Want to 'Reduce Harm'? Try Abstinence.
State of the Union: Believe it or not, there are ways to reduce drug use that do not facilitate drug use.
Supervised consumption sites, where addicts use illegal drugs in the presence of nonprofit workers tasked with reversing overdoses, are the next frontier in the “harm-reduction” movement. The New York Times reports that the federal prosecutor in Manhattan is considering shutting down one of the city's sites.
The nonprofit group, OnPoint NYC, has reportedly been operating this site with the knowledge of city, state, and federal officials for almost two years. The site they run facilitates illegal drug use.
What’s left to consider?
For context, here's the Times’s description of the group’s overdose-prevention ”strategy”:
The group’s strategy — known as supervised consumption — is simple, but radical: Let people use illicit drugs at special centers, under the watchful eye of nonprofit workers who can intervene if something goes wrong. The group, OnPoint NYC, said on Tuesday that its two overdose prevention centers have reversed 1,000 overdoses since they opened more than a year and a half ago, at a time when the drug supply contains the dangerous opioid fentanyl in growing concentrations.
There are two ways to prevent overdoses. The first is to prevent people from taking drugs. The other is to allow people to overdose, and administer Narcan to reverse the inevitable consequences of drug abuse.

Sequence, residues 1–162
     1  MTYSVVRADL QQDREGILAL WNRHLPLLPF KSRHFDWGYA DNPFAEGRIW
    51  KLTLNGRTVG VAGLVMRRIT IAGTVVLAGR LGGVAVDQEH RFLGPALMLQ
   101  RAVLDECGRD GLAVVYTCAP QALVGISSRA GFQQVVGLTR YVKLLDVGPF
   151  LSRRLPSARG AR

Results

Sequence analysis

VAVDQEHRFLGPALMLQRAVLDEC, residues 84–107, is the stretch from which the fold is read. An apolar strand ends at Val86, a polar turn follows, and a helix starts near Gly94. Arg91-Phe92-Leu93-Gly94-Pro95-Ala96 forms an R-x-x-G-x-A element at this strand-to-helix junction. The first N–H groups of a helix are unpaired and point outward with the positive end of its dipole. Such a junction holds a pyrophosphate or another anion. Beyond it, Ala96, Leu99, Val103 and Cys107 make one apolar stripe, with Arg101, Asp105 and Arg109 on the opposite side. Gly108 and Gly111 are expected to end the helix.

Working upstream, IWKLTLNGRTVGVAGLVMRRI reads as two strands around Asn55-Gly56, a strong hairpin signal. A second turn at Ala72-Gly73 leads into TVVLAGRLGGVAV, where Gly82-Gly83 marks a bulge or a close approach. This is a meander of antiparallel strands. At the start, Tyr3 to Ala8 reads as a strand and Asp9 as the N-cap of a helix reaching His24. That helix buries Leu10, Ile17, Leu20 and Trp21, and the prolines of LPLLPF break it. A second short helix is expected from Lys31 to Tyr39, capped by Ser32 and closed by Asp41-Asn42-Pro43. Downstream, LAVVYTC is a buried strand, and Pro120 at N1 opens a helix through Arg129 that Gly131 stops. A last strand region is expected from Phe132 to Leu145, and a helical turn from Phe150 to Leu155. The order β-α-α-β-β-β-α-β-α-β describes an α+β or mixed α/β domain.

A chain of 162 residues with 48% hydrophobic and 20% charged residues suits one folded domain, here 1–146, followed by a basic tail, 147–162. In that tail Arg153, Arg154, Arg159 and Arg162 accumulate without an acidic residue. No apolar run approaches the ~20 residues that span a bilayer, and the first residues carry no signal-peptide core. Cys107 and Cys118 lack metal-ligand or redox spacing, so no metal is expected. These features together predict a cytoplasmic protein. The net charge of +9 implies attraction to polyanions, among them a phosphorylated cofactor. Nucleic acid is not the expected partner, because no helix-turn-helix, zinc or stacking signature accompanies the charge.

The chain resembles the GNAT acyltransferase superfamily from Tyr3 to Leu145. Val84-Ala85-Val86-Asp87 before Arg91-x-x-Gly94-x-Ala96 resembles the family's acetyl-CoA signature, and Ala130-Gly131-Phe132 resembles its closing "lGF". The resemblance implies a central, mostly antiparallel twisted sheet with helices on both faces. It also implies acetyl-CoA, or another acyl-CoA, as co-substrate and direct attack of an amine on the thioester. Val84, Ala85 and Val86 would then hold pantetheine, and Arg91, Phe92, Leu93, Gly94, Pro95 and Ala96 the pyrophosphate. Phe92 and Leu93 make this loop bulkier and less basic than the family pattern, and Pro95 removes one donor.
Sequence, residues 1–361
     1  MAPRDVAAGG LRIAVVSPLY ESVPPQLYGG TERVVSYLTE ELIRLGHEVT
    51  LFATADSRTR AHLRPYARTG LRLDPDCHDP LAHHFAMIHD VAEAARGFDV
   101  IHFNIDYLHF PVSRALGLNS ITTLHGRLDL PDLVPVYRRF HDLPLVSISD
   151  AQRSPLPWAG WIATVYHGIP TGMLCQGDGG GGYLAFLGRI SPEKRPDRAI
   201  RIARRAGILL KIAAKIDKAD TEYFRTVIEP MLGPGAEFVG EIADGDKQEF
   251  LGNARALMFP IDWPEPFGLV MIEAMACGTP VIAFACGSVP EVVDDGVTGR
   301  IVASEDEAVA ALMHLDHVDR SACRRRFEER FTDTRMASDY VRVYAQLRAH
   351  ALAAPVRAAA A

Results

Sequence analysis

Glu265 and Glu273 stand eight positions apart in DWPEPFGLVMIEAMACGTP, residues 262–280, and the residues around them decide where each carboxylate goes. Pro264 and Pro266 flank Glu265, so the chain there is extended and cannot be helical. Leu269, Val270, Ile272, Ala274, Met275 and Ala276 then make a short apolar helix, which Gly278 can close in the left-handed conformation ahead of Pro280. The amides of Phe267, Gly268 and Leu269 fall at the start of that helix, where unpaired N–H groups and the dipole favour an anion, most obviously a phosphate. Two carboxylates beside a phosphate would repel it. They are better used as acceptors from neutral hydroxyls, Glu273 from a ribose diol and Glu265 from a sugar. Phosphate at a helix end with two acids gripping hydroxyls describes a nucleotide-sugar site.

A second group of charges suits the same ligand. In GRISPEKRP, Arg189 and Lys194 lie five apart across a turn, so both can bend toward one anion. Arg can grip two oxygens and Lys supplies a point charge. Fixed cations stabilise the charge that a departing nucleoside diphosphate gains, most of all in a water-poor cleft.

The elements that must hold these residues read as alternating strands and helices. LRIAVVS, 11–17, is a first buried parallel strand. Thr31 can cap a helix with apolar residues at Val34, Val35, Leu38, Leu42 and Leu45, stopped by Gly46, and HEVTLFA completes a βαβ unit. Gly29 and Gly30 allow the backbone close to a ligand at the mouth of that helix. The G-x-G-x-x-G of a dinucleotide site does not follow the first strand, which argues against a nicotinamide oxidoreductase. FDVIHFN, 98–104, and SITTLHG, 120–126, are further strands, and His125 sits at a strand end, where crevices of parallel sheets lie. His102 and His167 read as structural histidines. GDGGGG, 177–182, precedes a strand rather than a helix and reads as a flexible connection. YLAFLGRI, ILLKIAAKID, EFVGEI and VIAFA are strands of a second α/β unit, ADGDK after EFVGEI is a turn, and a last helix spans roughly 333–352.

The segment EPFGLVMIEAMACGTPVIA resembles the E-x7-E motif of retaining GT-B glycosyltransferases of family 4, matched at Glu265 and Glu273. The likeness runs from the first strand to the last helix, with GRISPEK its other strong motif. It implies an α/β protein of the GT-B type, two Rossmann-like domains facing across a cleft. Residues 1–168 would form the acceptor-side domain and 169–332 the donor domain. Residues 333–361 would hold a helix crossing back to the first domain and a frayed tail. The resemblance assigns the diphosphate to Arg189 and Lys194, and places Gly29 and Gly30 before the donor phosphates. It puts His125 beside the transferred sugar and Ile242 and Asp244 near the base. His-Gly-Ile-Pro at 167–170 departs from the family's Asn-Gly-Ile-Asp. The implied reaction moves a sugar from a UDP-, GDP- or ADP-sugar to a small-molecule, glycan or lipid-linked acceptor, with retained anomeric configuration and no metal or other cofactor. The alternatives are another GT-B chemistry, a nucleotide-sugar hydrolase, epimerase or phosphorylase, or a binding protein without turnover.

The latter strategy is predicated upon harm reduction principles, which progressives apply both to risky sex and illicit drug use. Harm reduction assumes people will behave badly, and seeks to minimize the natural and inevitable “harm” associated with those behaviors. For drug users, “harm reduction” entails facilitating drug use and preventing overdose, rather than encouraging or forcing, as circumstances demand, abstinence.
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Here's Sam Rivera, executive director of the nonprofit, on his work:
It is really frustrating that a health issue has become a political issue. What we know is no one ever has to die again of an overdose, ever. They’re preventable.
Of course, whether or not federal law enforcement abets the open violation of federal law is very much a “political” issue. But Rivera is right that no one ever has to die of an overdose. Structured rehabilitation programs that move the user to reduce his use, and eventually embrace abstinence, can prevent overdose and preserve the user’s dignity. Abstinence, adhered to, has a 100 percent success rate.